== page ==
Uber is a non-union Smartphone App-enabled taxi service that is currently in some kind of ‘test mode’ here in Portland, our fair city. Is it a glittering example of the “Sharing Economy,” or is it another example of technology being used to enrich the few, while leading others to disadvantage?

It will be a lively show, with co-hosts Jim Wrathall and John Kellerman, and guest Delilah Jones (spokes-person for cabbies). Once again, John has created an original musical composition addressing the concerns surrounding Uber and its business model. He’ll debut it live on the show. In fact, here are the clever lyrics:

Taken for a Ride
© 2015 John Kellermann

I went drinkin’ with my buddies, we was feelin’ fine,
‘Til the bartender said, “It’s closin’ time.”
I called a cab, ’cause I was feeling tipsy, They said,
“Might be a while, ’cause it’s really busy.”

My buddy said, hey, here’s a clever trick,
Download this app, they’ll get you home real quick.
I took his advice and got a big surprise:
Paid 99 dollars for a 3 mile ride!

I got taken, I got taken, I got taken,
Taken for a ride.

When there’s plenty of drivers, they’re Uber-cheap,
Then when it gets real busy, they’re Uber-steep.
“This is outrageous!” was my first reaction,
My next was, “How can I get in on the action?”

They said, “You can be a ‘partner’. You can be your own boss!”
They took twenty percent, I got the overhead cost.
Yet I made good money, so it seemed at first,
‘Til they hired more drivers, and things got worse.

I got taken, I got taken, I got taken,
Taken for a ride.

Now you can see me coming in my Radio Cab.
You can hail us, you can call us, you can use our app.
You know we’re insured, you know we’re safe,
And you know what’s on the meter is the price you’ll pay.

Don’t get taken. Don’t be mistaken. Don’t get taken.
On a super-duper, Uber-expensive ride.

Now a little about Uber

To get an Uber ride, consumers submit a trip request via the app, which is routed to crowd-sourced taxi drivers. According to Wikipedia, as of March 26, 2015, “the service was available in 55 countries and more than 200 cities worldwide. The company has raised $2.8 billion in total funding [Google and Goldman Sachs are investors]. Many governments and taxi companies have protested against Uber, alleging that its use of unlicensed, crowd-sourced drivers was unsafe and illegal. It is estimated that Uber will generate 10 billion dollars in revenue by the end of 2015.”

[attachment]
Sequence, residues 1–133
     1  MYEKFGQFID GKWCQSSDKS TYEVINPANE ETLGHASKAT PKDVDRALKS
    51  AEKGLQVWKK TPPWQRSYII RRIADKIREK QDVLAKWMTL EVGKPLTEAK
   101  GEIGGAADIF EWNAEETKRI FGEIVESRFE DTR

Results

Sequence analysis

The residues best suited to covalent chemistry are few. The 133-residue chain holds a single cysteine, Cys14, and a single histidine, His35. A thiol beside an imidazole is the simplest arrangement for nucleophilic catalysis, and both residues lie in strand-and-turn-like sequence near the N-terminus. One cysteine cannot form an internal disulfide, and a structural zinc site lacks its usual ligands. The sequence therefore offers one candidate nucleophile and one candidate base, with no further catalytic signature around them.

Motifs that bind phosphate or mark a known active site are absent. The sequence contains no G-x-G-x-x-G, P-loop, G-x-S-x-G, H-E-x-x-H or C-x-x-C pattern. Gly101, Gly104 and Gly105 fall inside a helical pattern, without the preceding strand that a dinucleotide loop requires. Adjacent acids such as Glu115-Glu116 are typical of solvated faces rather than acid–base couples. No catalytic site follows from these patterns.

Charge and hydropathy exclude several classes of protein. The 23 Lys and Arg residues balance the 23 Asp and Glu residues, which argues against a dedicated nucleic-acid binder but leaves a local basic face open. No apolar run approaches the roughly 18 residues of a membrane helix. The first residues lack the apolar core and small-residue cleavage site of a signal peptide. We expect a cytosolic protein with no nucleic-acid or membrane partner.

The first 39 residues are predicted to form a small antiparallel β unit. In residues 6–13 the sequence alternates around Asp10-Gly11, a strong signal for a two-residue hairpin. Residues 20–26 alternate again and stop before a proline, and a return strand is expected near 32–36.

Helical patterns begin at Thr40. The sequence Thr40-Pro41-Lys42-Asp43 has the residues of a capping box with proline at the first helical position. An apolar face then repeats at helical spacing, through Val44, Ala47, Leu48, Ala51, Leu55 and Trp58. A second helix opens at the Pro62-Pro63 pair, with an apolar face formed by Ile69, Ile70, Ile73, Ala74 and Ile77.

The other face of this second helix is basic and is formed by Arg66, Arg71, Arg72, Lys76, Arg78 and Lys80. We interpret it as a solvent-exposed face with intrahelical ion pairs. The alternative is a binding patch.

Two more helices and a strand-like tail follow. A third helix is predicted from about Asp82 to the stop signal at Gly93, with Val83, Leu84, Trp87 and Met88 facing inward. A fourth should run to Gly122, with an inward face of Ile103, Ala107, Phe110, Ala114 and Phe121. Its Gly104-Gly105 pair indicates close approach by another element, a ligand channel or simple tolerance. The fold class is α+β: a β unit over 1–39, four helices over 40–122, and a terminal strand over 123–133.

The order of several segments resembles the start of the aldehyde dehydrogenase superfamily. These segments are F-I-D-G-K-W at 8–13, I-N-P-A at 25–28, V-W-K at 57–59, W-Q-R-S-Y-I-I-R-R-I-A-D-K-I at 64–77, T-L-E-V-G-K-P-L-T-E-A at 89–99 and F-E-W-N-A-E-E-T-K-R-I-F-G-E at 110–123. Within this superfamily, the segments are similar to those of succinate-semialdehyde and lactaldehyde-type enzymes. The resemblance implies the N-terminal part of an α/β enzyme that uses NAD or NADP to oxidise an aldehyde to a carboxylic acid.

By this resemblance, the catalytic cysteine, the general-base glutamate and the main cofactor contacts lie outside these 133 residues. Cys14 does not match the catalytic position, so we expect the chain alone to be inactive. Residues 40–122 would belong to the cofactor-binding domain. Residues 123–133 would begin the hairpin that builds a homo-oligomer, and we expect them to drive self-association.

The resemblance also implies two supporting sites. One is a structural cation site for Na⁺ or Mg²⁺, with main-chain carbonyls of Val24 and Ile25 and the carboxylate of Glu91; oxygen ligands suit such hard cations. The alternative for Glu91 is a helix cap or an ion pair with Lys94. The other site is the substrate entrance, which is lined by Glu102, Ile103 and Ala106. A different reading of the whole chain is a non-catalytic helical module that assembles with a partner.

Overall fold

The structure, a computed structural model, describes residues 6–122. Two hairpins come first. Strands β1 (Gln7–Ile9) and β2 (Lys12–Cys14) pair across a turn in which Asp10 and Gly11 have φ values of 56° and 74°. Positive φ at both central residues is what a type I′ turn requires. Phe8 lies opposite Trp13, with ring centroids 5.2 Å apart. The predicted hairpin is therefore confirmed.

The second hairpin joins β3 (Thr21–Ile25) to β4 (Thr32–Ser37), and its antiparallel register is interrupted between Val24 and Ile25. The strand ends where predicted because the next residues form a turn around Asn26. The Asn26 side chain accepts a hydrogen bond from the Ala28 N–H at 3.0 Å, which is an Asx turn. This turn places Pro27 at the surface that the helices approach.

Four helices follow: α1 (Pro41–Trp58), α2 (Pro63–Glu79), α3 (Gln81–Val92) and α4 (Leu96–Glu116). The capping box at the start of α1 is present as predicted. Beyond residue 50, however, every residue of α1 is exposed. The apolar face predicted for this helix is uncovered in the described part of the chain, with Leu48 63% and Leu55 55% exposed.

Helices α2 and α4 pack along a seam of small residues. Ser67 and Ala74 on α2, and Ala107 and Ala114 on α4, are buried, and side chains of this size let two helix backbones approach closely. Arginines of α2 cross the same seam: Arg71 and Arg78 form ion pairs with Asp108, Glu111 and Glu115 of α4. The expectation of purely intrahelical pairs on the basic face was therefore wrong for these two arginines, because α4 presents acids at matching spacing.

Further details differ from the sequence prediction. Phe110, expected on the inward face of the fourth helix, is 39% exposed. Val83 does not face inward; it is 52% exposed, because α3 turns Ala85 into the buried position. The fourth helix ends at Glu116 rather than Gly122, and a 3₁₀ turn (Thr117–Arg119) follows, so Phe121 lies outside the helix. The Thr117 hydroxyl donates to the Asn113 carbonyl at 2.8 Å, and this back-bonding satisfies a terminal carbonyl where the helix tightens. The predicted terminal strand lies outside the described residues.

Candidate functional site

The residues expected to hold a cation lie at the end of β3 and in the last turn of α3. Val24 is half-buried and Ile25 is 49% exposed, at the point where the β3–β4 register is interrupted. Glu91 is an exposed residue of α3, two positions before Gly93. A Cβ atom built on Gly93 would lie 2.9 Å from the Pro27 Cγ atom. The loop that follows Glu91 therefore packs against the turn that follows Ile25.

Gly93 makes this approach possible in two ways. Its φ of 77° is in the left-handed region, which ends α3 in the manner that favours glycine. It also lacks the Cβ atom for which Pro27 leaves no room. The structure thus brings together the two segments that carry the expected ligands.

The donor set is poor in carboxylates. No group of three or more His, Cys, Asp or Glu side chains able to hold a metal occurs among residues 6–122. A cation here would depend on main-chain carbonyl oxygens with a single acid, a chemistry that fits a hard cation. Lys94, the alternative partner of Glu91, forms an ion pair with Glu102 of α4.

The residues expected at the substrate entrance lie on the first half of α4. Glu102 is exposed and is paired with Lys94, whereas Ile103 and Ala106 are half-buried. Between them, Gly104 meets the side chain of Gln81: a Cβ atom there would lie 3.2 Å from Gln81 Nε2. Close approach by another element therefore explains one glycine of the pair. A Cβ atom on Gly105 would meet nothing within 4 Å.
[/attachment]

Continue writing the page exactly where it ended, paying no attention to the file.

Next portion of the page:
It’s a good thing they have lots of money ’cause it looks like they are frequent court visitors, forced to defend their practices. And that money allows them to aggressively expand their service options:

  • Package Delivery called Uber Rush (it’s being tested in Manhattan).
  • Uber Essentials allows online ordering and delivery of about 100 items (it’s being tested in Washington D.C.).
  • The first project from Uber Garage gives users the option to hire a regular taxi driver, or an Uber driver.
  • Uber Pool is a carpool service. It matches riders with another rider who is traveling in the same direction (if a match isn’t found, riders are offered a discount on a regular Uber trip).
  • They are working on a research project with a university that involves driverless cars.

Uber’s pricing model will be discussed on the show, including their “surge pricing,” which means prices are raised when demand is high, one of the most controversial aspects of Uber. (The company applied for a patent on surge pricing in 2013.)

Unrestrained capitalism? Misuse of customer data? Love it, or hate it (Uber has an “F” rating from the Better Business Bureau)? Does it benefit markets with an under supply of taxis? Does it prompt an over regulation of transportation services? Are its drivers safe or unsavory? Does it drive down prices, a consumer benefit?

Have you, or will you call Uber?

Kellerman took the lead on this topic. Here is a host of links that he used to research the issue, and which he’s likely to refer during the broadcast.


Transportation Fairness Alliance
“Portland deserves transportation options that are safe and fair.”

Riding Dirty: How Uber Takes Drivers and Passengers for a Ride:

Uber’s $18 billion valuation is all the buzz in the world of tech startups and transportation, but is there something more sinister going on underneath the hood?

The reason this disruptive tech startup can double revenue every six months will shock and amaze you. Find out how Uber packages the American Dream, monetizes your safety and greases the wheels of local politics.

This video reveals how they skirt regulations, how their deal with drivers is bait and switch, their inadequate “background checks”, inadequate insurance, dirty tricks on their competition, and their wheelin’ and dealin’ with local authorities.

Surge pricing: Woman charged $92 for 2.7-mile Uber ride

The hidden costs of being an Uber driver

Lawsuit brought by Uber drivers to recover the tips they should have received and reimbursement for expenses:


Uber to Portland: We’re Here. Deal With It.
By Conor Dougherty and Mike Isaac New York Times December 5, 2014

Uber promises it’s done defying Portland taxi laws:

Portland taxi board prepares for Uber’s return by approving 64 percent increase in cab permits

Portland may allow Uber to return with ‘surge pricing,’ special rules

Ride or Die: Six Things You Need to Know About Tuesday’s Pivotal Vote on Uber

Uber, Lyft back in Portland on 120-day pilot program

Portland leaders’ foolish rush to accommodate Uber (OPINION) By Amanda Fritz http://www.oregonlive.com/opinion/index.ssf/2015/04/proposed_portland_ride-share_r.html